Review: Honeyland

Courtesy by IceDocs

Honeyland, directed by Tamara Kotevska and Ljubomir Stefanov, was one of rare films from this year to be found in the official feature-length competition of the first edition of IceDocs. It was also one of the principal favourites for the award. It ended up with special mention, “losing” to another intriguing and important film, Joost Vandeburg’s Bruce Lee and the Outlaw. However, the future of Honeyland should not be questioned because the film’s recent past can serve as an accurate predictor: after awards at Sundance (where the film premiered) and DocAviv, it would be a miracle if Honeyland gets passed in the awards season.

The film starts in a mode that could be labelled observational. We see our protagonist Hatidže visiting her improvised apiaries made in the cracks in the rocks of nearby mountains or in the cracks in dry walls in her deserted village. When she is not on her “honey-tour”, Hatidže also takes care of her old mother Nazife and tends to their house and a small compound without electricity and running water. Hatidže’s ethics regarding the honey picking is impeccable: she leaves half of it to the bees and sells the rest at the marketplace in Skopje. She spends some of her earnings on the hair dye even though she hides her hair under the scarf. Her life is hard, but she does not complain.

As much as it may sound that the film feeds on misery, that is far away from the truth. The observations are strictly of the ethnological and anthropological kind since Hatidže and Nazife are among the last members of a Turkic tribe that live their lives under the traditional code.

The things are about to change when the Sams, the family of nomadic cattle drivers moves into the village. It consists of father Husein, mother Ljutvije and their half dozen children. They are also equipped with a truck and a tractor and set on some easy money, so they turn to bee-keeping. Hatidže has the best of intentions for them and wants to help them, which resonates with their young son Mustafa. However, the lifestyle differences and ethics are quickly becoming so prevalent that it will lead directly to destruction for people and animals likewise.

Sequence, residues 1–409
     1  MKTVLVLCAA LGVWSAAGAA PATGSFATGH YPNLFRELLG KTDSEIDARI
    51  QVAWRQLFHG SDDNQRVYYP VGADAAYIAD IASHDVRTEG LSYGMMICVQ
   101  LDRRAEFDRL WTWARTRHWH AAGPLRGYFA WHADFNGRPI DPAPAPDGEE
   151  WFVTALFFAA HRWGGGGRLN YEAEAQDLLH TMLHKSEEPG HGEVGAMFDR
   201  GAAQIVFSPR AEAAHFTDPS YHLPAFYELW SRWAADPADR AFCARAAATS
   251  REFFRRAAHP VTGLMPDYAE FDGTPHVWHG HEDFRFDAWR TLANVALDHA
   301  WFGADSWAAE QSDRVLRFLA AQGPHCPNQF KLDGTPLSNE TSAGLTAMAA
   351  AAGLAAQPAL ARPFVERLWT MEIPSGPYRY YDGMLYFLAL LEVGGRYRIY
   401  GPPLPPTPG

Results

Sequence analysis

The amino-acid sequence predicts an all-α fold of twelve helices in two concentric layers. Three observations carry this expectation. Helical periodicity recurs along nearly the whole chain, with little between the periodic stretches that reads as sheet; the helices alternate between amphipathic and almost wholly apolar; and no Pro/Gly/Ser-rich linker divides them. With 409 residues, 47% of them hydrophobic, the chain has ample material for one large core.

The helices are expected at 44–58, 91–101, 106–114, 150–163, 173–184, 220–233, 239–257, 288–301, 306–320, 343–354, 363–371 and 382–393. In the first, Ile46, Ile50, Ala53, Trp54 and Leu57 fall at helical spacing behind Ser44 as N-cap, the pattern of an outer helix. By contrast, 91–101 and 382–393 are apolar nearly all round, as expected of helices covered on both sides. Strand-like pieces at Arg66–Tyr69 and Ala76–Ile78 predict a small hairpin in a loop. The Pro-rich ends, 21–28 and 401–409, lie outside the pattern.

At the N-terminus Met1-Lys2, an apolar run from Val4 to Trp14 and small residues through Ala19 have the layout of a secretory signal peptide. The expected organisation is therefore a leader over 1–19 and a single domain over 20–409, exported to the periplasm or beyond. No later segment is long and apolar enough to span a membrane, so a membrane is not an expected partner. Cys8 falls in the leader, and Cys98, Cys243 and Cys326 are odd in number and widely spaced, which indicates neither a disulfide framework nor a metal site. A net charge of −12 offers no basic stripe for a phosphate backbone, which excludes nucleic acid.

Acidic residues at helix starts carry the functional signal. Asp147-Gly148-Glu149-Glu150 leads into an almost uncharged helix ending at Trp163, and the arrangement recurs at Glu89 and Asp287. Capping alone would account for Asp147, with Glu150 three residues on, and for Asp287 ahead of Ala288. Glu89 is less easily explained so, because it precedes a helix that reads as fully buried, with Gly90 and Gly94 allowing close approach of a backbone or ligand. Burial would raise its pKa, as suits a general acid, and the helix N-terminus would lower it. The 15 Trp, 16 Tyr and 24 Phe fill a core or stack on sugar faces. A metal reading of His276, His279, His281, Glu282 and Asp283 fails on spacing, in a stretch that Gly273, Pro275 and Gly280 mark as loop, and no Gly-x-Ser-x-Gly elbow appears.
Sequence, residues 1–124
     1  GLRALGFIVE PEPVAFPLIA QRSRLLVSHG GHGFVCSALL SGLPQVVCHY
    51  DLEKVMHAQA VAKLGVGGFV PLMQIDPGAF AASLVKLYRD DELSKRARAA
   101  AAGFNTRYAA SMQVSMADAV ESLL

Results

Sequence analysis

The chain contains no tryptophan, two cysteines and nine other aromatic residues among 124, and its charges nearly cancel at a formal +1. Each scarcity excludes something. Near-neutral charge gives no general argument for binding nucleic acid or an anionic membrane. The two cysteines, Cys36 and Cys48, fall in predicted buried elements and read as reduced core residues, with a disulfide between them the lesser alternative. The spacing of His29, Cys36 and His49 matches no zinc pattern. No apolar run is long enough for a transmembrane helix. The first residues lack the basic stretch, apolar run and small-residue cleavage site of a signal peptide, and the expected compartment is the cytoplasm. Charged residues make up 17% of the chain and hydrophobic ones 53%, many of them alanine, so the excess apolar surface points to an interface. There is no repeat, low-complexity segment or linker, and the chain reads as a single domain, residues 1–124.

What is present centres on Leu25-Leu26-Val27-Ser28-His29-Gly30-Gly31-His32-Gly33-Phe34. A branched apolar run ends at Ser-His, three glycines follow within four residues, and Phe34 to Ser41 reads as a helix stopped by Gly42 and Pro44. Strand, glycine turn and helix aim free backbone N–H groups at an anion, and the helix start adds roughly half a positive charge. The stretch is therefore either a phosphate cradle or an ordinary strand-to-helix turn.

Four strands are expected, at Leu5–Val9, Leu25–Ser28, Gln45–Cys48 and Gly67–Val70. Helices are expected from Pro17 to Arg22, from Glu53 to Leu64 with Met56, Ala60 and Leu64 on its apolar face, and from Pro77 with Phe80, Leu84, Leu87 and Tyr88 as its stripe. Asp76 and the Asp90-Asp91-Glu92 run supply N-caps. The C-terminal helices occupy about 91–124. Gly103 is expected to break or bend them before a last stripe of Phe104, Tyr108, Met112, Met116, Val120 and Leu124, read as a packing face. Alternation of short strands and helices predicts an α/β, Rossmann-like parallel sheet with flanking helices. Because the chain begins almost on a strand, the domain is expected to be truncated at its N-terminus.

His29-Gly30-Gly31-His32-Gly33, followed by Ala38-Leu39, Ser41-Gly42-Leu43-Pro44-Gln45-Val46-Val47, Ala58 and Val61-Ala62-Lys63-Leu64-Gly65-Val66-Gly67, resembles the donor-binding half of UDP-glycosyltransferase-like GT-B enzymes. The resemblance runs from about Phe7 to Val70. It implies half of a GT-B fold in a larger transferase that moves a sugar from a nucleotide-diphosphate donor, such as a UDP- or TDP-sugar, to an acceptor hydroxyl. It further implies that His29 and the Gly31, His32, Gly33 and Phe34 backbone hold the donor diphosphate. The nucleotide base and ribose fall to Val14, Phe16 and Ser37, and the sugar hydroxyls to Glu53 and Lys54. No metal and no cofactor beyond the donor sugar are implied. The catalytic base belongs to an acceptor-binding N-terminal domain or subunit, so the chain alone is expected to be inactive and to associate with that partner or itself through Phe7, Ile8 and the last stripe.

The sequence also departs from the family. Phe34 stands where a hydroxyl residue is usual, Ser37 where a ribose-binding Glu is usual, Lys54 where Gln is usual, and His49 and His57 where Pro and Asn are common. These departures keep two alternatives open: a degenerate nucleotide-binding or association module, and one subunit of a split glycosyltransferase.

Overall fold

In the second half, Honeyland becomes a sharp and eloquently put piece of social criticism aimed at capitalism and greed. It feels organic and is targeting both the hearts and minds. The best association available is a one-time Oscar nominee, Hubert Sauper’s Darwin’s Nightmare, but the twist here is somewhat different. The Sams are not even close to a greedy corporation. They are just ordinary, poor people from the margins of society trying to secure their bare existence. Every move they make ends up a failure, but it is rarely just their own fault. In a dramaturgical sense, they are “the bad guys”, they are loud and raw and sometimes their invite their wheeler-dealer associate who gives them all the wrong advices in the world. However, they are not “evil” so to speak, no one in the film actually is – the life is just hard and challenging and it is similar for poor traditional honey-makers, families with a lot of children and small traders, so the disaster seems to be inevitable.

The filmmakers are, beyond any doubt, capable to follow, round up and tell the story in the manner that is universally understandable for audiences all over the world, and to do that without any need of additional contextualization. The question arising here is: how much of the things we see are for real and how much was previously scripted? It actually does not matter much because the logic behind it is firm and the message is humane. On top of that, all the characters, especially Hatidže, are movie-friendly, the cinematography by Samir Ljuma and Fejmi Daut is astonishing and well weaved into the film thanks to Kotevska and Stefanov’s directing and the editing handled expertly by the film’s producer Atanas Georgiev.

Honeyland is one of the most memorable documentaries of the year.

Honeyland
2019.
Directors: Tamara Kotevska, Ljubomir Stefanov
Producer: Atanas Georgiev
Music: Foltin
Cinematographers: Fejmi Daut, Samir Ljuma
Editor: Atanas Georgiev
Production Companies: Apolo Media, Trice Films
Country: North Macedonia
Language: Turkish
Runtime: 87 min